University of Pennsylvania, PennDesign
critic: Andrew SAUNDERS.
suckerPUNCH: Describe your project.
Gary POLK: Refraction is defined as the fact or phenomenon of light being deflected in passing obliquely through the interface between one medium and another, or through a medium of varying density.
Torque Carving utilizes light refraction as a vehicle to derive geometry and creates a new envelope from light rays that divide at specific angles of refraction, simultaneously torquing to full or partial inversion. The transposition that these lines creates appears in the form of a hyperbolic surface. Once it invades a new normative envelope dictated by parti, various spatial conditions and effects are created—including a gradient in the density of topology, seamless transitions between interior and the exterior, and explicit normative edges.
Programming began by examining Philadelphia’s bid for the Olympics and the city’s apparent lack of aquatic facilities. This program also takes on the additional demands of “carnival,” or flexible event planning in additional theaters, galleries, and other amenities. The plan’s development was then filtered according to [Giambattista] Nolli’s mapping conventions—certain programs play the role of “figure” against the “figuring” of other programs. Just as the public space of Roman churches and public streets are represented in white in Nolli’s mapping, this project’s refracted envelope begins to define special moments of “figured voids” within the site.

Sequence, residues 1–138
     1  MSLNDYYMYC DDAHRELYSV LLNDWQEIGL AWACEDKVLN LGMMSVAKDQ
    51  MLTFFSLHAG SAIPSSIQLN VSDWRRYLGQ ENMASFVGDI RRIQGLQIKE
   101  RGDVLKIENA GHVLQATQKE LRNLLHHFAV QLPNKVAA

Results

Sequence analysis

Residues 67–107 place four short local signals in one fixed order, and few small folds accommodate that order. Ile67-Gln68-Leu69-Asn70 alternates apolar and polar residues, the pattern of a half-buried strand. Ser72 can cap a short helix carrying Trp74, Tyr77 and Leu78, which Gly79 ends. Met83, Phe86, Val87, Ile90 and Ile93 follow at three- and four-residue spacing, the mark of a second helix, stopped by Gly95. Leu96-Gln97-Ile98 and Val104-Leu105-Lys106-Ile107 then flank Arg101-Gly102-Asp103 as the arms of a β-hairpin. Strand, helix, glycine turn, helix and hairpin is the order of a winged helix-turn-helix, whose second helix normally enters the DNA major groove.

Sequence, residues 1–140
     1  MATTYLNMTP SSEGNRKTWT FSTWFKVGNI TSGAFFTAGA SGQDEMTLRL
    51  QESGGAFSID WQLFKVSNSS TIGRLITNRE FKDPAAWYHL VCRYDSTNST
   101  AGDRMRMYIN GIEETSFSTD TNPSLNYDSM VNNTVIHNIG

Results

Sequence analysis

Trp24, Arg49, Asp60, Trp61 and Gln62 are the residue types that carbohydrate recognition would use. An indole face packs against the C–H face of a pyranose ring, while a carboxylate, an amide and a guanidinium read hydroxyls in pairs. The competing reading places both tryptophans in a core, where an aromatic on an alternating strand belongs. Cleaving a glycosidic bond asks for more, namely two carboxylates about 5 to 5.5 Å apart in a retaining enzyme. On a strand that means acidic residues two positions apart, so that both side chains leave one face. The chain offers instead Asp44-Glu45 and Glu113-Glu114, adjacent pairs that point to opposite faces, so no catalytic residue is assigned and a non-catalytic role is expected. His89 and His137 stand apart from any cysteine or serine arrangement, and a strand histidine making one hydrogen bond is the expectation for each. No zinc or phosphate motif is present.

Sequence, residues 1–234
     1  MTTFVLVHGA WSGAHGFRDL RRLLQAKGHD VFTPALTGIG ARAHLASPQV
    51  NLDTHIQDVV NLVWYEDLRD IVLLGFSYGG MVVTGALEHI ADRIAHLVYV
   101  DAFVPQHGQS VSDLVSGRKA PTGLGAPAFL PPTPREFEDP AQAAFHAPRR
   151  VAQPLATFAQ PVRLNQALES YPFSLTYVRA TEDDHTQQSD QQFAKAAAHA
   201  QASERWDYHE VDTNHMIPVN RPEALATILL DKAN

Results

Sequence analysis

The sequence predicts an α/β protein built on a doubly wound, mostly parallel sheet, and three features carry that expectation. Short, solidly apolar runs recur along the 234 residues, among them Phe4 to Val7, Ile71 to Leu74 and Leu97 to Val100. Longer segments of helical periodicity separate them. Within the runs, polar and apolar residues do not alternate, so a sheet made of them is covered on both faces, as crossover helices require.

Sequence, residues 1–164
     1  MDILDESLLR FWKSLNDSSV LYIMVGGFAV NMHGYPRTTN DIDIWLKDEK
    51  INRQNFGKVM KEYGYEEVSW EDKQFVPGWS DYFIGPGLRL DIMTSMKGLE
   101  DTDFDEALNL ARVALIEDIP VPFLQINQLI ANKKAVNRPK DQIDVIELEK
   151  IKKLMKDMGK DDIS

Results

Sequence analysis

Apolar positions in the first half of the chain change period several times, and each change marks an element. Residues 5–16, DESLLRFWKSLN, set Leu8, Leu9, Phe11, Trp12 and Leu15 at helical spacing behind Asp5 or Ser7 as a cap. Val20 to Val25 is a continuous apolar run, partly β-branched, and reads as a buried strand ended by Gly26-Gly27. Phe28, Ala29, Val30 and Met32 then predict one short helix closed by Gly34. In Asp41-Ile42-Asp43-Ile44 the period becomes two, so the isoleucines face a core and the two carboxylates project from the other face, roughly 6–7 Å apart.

sP: What or who influenced this project?
GP: Kepler’s poly[he]dral planets, Descartes’s plenum, Baroque churches, Nolli maps, and Aires Mateus’s drawing conventions.
sP: What were you reading/listening to/watching while developing this project?
GP: Reading Saga; listening to Hail Farm, Of Monsters and Men, and the Deus-Ex: Human Revolution OST; and watching Jodorowsky’s Dune.
sP: Whose work is currently on your radar?
GP: Jimenez Lai, Neri Oxman, Paul Preissner, and Neil Denari.
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